GUILFORD — Rescheduled twice due to the coronavirus pandemic and the technical challenges of livestreaming a one-person "electric guitar ensemble" from the Vermont woods, "Roger Clark Miller: Four Dream Interpretations" will take place at 7:30 p.m. Oct 1 via Zoom and Facebook Live.
Presented by the Brattleboro Museum & Art Center, the performance will be followed by question-and-answer session with musician and artist Roger Clark Miller. The link to the livestream will be available at brattleboromuseum.org. The concert is offered in conjunction with the multimedia installation "Roger Clark Miller: Transmuting the Prosaic," on view in museum's Mary Sommer Room through Oct. 12.
Miller, of Guilford, is a cofounder and frontman of the art-punk band Mission of Burma and a member of Alloy Orchestra, a three-person ensemble that Roger Ebert called "the best in the world at accompanying silent films."
"Four Dream Interpretations" is an updated version of Miller's Elemental Guitar work from the 1990s. It features Miller on a customized Stratocaster six-string, three altered/prepared lap-steel guitars, a looping device, and sound-altering tools. Miller describes his performance as a "solo electric guitar ensemble," because the looping device means that there are often three or more guitar parts heard simultaneously. Like much of Miller's work, "Four Dream Interpretations" blends rock, classical new music, psychedelia, electronic composition and ambient sound.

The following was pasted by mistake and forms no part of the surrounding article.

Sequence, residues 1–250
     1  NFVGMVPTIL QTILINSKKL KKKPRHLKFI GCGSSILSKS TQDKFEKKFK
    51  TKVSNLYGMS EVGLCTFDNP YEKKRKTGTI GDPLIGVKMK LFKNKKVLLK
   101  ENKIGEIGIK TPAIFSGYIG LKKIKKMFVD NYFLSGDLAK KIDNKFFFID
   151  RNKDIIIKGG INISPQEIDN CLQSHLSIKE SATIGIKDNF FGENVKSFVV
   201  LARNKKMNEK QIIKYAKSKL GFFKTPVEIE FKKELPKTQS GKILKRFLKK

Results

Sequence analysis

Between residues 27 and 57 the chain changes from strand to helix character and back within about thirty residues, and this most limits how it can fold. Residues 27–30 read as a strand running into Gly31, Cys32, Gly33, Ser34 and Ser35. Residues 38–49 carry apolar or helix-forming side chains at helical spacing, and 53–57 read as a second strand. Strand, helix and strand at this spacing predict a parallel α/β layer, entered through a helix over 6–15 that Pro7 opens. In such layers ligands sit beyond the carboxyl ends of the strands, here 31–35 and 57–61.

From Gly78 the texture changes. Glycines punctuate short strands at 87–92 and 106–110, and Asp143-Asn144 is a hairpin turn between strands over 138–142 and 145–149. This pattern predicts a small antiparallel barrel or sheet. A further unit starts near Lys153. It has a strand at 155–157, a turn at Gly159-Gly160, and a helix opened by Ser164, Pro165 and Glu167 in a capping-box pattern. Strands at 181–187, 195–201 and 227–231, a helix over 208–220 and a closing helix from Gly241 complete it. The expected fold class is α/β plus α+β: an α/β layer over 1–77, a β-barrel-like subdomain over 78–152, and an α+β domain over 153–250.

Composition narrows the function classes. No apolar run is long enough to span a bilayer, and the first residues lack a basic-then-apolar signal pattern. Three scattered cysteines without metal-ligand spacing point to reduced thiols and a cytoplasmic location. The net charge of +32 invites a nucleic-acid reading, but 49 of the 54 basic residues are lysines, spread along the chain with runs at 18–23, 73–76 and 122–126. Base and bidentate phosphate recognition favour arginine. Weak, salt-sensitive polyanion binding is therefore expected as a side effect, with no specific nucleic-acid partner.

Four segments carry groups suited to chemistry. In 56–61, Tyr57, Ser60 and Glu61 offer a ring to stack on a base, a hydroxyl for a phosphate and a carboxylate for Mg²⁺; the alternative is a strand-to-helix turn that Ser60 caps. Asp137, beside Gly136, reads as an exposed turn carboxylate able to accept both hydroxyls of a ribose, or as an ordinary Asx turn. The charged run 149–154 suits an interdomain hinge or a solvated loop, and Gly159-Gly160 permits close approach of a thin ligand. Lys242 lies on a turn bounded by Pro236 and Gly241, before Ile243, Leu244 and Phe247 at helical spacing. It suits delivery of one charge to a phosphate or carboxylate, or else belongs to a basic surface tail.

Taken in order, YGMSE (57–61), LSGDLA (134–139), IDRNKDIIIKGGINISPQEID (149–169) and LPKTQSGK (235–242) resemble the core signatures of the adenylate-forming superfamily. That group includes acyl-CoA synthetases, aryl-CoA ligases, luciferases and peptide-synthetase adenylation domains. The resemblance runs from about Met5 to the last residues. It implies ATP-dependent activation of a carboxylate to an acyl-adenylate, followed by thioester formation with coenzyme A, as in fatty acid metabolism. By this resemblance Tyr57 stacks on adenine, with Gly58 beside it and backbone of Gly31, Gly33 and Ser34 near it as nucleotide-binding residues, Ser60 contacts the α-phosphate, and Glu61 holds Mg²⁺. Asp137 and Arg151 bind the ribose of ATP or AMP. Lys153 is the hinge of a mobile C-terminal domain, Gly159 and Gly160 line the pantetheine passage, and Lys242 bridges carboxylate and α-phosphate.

The structure of the music is based on Miller's dreams and a Dream Interpretation technique he developed in 1975 as a student at Thomas Jefferson College. Forty years later, he said a suggestion from Brattleboro Museum & Art Center Director Danny Lichtenfeld to try ambient guitar "laid the seed" for his upcoming performance.
"I started thinking, what can I do in a solo guitar setting, that wouldn't rely on a full band, that I could do on my own time?" Miller told the Reformer in a previous interview. "That led directly to the Dream Interpretation concerts, and it's fitting that the first concert will be, in fact, affiliated with the Brattleboro art museum — that's how I got into it."
Lichtenfeld has said he is intrigued by artists whose work expands his idea of what their art form can be.
"I just really have a lot of respect for artists who blur boundaries and who are really open to a wide range of influences, including sources that, in the case of a musician, aren't even necessarily considered musical," Lichtenfeld said. "That kind of creativity and open-mindedness is really inspiring to me and I think Roger really embodies that."
The Brattleboro Museum & Art Center is open Wednesday through Sunday, 10 a.m. to 4 p.m. Admission is on a pay-as-you-wish basis. The museum is at the historic Union Station in downtown Brattleboro, at the intersection of Main Street and Routes 119 and 142, and is wheelchair accessible. For more information, call 802-257-0124 or visit the museum website.